Daniel Garza, Director of the LIBRE Initiative, has a message for the masterminds behind the “paused” Disinformation Governance Board (DGB) and their lackeys at the Spanish-speaking media: don't tell Latinos to shut up because they won't.
In an opinion piece published by Inside Source on Tuesday, Garza dove into the subject of disinformation and the threat that the DGB represents to Hispanics. This is a demographic that in many instances, arrived in the United States after fleeing oppressive regimes known for surveilling, micromanaging and even punishing citizens for speaking freely.
“On April 27, the Department of Homeland Security announced the creation of its new Disinformation Governance Board. A few weeks later, on May 18, it was paused. The board may not have had a long shelf life, but the threat it represented — the suppression of speech — requires near-eternal vigilance,” Garza explained in his opening paragraph.
And they need to be vigilant, especially since one of the Biden administration's pretexts for creating the 2022 version of the Ministry of Truth, is “to counter misinformation in Hispanic communities especially.” This was amplified in a Telemundo report where the anchor described the DGB as “a disinformation board against coyotes and human traffickers”, but made no mention of the controversy surrounding the Director of the DGB.
Say what they may, as Garza explained, no one in 21st-century America knows more than the Hispanic community about “government agencies surveilling, micromanaging and even punishing citizens’ free speech”. “They know — firsthand — that corrupt regimes across Central and South America have long used “misinformation” as a pretext for naked, Orwellian oppression,” he wrote.
Here were a few takeaways from Galarza's opinion piece regarding disinformation boards currently active in the Americas:
- Cuba: The Institute of Information and Social Communication, whose purpose is to prosecute online support for protests against the communist regime. Last summer the censors arrested more than 1,000 Cubans — hundreds of whom are still detained — and committed at least 130 documented violations of due process after the unprecedented public protests in Havana. Their crimes? “Spreading fake news,” and “promoting social indiscipline”.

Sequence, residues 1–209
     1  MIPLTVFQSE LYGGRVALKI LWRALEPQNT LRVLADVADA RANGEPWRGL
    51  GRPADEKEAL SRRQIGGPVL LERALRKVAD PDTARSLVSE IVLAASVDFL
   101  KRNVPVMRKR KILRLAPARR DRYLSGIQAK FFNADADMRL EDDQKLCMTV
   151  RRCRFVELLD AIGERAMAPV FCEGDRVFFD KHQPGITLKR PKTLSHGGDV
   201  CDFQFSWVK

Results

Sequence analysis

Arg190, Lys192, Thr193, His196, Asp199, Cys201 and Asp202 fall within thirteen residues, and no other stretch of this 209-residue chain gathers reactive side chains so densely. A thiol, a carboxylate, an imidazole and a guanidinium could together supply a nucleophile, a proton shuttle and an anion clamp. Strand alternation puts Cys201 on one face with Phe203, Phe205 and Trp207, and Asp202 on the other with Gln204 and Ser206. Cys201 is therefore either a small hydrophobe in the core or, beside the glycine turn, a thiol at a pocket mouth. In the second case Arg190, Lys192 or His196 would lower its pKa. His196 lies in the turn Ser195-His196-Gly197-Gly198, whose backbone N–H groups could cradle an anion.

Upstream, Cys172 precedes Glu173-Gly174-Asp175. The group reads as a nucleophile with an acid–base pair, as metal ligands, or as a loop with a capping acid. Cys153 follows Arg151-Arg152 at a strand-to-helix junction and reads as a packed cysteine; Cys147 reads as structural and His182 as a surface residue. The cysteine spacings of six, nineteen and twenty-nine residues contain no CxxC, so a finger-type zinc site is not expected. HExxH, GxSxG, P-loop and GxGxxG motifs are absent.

- Venezuela: President Nicolas Maduro’s government blocks apps, punishes criticism and floods platforms with lies to confuse the public.
- Nicaragua: President Daniel Ortega just shut down 25 nonprofit organizations critical of his oppressive regime, harkening back to the nation’s sad Cold War history of totalitarian censorship.
- Mexico: Lawmakers there are now instituting new social media regulations.
“Contrary to Homeland Security Secretary Alejandro Mayorkas’ implication that Hispanics need special protection from misinformation, it’s worth remembering that new Americans are discerning enough to navigate the impenetrable slog of our dysfunctional immigration system,” he wrote.
And, like he discusses, “while freedom is messy, and bad ideas and false rumors online can have real world effects, censorship is worse, as anyone who has ever lived under it can tell you. In the real world, the only solution to bad speech is more speech — not less. Even if the administration’s Disinformation Governance Board has the best of intentions, “we the people” would do well to exercise our First Amendment rights by telling the administration: thanks, but no thanks.”
And this includes the millions of Latinos that now call the United States home. Their message for the DGB and the Latino media? “Gracias pero no gracias.”
To read Daniel Garza's complete opinion piece, please follow this link.